EP Mayoral Challenger Says She Will Fight To Get on April Ballot
Mayoral challenger Shawn Good has some interesting ideas for Evergreen Park, but first she must survive a petition challenge by two associates of Mayor James Sexton.
Evergreen Park mayoral challenger Shawn Good’s back is pressed against the ropes in her bid to get her name on the ballot in the upcoming April election.
Like many rookie candidates, an objection has been filed against Good’s nominating petitions for not being securely bound when turned into the village and for lacking the proper number of valid signatures. Good is challenging Mayor James Sexton in the upcoming consolidated election.
She represented herself before the Village of Evergreen Park’s electoral board on Jan. 10. Pending her objectors’ visit to the Cook County Clerk’s office to validate signatures on her petitions, whether or not her name ends up on the April 9th ballot will be decided on Thursday.
“It’s like a boxing ring. I’m going up against the heavy weight champ,” she said in a quick phone conversation before bell choir practice.
Asked why she thinks her nomination papers are being challenged by the associates of a two-term incumbent mayor, Good thinks its because most Evergreen Park village board members aren’t used to having competition--including the mayor.
“I think the mayor has done a wonderful job in Evergreen Park,” Good said, “but I’m running because I think I can cut the mayor’s current pay by 25 percent.”
Good didn’t elaborate how she intended to shave 25-percent off Sexton’s $114,455 (before taxes) annual earnings as mayor and liquor commissioner.
She does have other ideas for Evergreen Park if elected mayor, including initiating a “mayoral challenge” to local youth encouraging them to get fit, community-based farming and applying for grants to re-do the Recreation Center.
“I’d like to find out why there isn’t a park district,” she added.
Illinois’s election statutes don’t specify what is deemed an appropriate fastener to securely bind candidates' nominating petitions, such as a metal prong fastener. Some might say that the state statutes are purposely vague.
"The petition sheets shall be neatly fastened together in book form and fastened together at one edge in a secure and suitable manner."
Another beginner's mistake Good acknowledges making was not seeking legal counsel before she filed her nominating petitions.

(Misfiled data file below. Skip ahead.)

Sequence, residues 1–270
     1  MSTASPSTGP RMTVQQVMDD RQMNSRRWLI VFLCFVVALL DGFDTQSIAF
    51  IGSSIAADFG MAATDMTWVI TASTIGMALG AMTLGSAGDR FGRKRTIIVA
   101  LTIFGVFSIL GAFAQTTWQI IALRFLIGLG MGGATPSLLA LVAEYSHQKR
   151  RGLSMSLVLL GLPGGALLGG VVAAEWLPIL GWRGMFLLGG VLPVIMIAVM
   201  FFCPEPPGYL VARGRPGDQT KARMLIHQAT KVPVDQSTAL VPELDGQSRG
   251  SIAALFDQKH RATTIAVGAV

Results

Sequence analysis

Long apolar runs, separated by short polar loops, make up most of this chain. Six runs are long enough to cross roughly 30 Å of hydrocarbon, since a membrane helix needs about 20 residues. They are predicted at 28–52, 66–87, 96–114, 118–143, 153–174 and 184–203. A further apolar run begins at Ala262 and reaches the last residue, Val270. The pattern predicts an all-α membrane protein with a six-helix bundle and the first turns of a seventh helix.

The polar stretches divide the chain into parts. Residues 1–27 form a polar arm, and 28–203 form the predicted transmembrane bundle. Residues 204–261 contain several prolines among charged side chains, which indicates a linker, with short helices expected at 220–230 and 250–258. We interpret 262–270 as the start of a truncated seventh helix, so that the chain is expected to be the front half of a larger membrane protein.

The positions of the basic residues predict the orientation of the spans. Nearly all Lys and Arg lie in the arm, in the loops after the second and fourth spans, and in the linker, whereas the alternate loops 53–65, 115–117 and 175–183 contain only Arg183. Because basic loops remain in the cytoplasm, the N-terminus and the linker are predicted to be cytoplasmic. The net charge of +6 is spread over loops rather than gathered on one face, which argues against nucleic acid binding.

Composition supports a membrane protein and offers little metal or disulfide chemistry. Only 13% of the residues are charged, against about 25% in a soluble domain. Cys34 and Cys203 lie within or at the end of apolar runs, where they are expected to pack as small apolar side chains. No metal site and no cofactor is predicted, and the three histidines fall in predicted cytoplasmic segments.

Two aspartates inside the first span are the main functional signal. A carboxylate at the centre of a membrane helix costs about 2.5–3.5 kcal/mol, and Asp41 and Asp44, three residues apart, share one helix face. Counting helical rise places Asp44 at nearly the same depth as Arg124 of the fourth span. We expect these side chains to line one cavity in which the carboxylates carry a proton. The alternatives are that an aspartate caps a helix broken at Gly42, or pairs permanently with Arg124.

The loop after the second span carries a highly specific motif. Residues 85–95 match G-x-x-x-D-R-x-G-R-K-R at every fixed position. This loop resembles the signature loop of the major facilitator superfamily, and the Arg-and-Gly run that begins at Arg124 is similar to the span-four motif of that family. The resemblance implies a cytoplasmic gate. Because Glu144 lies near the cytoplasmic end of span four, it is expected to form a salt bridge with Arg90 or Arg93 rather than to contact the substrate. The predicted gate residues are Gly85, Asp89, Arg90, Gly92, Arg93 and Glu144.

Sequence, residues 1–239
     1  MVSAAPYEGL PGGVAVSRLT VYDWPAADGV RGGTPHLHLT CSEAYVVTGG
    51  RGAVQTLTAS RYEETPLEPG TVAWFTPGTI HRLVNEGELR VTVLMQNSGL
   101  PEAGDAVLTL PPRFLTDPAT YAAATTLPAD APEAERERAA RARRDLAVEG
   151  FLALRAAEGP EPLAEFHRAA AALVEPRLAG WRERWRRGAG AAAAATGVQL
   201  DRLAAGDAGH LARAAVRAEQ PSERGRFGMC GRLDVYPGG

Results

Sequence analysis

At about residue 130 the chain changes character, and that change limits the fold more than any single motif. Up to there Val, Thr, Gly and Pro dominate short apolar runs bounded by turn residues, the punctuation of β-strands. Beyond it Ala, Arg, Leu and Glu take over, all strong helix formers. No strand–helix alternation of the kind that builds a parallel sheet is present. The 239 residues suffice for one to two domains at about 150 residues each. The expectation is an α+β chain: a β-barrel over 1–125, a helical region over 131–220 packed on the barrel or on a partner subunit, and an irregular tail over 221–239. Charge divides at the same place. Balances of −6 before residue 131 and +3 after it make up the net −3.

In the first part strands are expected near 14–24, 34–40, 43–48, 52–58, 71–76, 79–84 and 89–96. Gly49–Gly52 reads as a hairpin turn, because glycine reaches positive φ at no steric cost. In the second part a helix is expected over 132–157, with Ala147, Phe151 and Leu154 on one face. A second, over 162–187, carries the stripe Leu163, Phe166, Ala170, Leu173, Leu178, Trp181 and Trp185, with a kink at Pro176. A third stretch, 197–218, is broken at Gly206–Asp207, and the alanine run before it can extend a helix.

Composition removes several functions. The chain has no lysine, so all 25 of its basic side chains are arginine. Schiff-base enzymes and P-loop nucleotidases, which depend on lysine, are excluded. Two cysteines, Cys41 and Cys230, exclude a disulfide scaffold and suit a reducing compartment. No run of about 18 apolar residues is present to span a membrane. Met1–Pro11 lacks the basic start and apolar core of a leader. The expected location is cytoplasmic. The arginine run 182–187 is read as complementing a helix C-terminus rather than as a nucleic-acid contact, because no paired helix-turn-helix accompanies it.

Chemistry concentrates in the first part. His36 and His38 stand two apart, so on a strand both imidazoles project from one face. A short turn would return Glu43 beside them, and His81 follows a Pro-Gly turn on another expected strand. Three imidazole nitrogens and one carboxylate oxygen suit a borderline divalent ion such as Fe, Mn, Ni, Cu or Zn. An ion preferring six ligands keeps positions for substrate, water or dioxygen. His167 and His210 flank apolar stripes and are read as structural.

“I’m trying to get an election attorney but they’re all very busy right now. Luckily I’m getting some legal advice,” she said.
In an elections survival workshop, Chicago attorneys Keri-Lyn Krafthefer and Adam Lasker advise wanna-be candidates that staples, paper clips and binder clips are not guaranteed to withstand the fastener challenge.
Courts have upheld local electoral board rulings to remove candidates from ballots for failure to securely bind nomination papers, e.g., using a paper clip, according to Krafthefer and Lasker’s Surviving the 2013 Elections candidates' guide.
The attorneys cite one divided electoral board, half who found that a 3/4-inch black “binder clip fastener” constituted a secure fastening device, while the other half deemed the nomination papers as “loosely filed.”
Two years ago, the Oak Lawn Community High School Dist. 229 electoral board overruled an objection against a school board candidate’s use of a paper clip, possibly because four other board members had fastened their own nominating papers with paper clips.
The purpose of using a secure fastener to bind nominating petitions is to prevent fraud and the slipping in of dummy sheets.
At the Jan. 10 village electoral board hearing, famed attorney Burt Odelson, representing the objectors, picked up Good’s paper-clipped petitions, which came apart and scattered on a board member’s desk.
When Patch examined Good’s petitions at the village clerk’s office, the sheets remained perfectly secured in their paper clip.
Good also is confidant that her petitions will withstand a signature check down at the county clerk’s office.
Most of those who signed her petitions were choir members, friends and neighbors.
“I went out on my own,” Good said. “Everyone who signed was very spirited.”
The objectors are Geoffrey Layhe and Anthony Yukich. Layhe has made $1,200 in campaign contributions, and Yukich donated $1,815 to Sexton’s slate, the United Homeowners/Good Government Party, according to Illinois State Board of Elections records.
Yukich also earned $10,800 performing “administrative duties” for the Good Government Party.
Their attorney, Odelson, has given $4.400 over the years to the Friends of James Sexton campaign fund.
Good is up before the village election board—consisting of village clerk Cathy Aparo, and trustees Carol Kyle and Jerry Bosch--Thursday at Village Hall. Because the petitions involve the mayor’s, he is disqualified from serving on the electoral board.
Should the ruling go against her, Good plans to appeal. She’s also weighing options to run as a write-in candidate.
If necessary, Good says she will fight all the way to the Illinois Supreme Court.
“I understand there are so many against one, I’m just going to take it day by day,” she said. “If I don’t do it this time, I’ll be ready in four years. This is so exciting and fun for me. I’m enthusiastic.”
The Village of Evergreen Park electoral board hearing takes place at 9:30 a.m. Thursday (Jan. 17) in the council chambers at 9418 S. Kedzie Ave. The hearing is open to the public.
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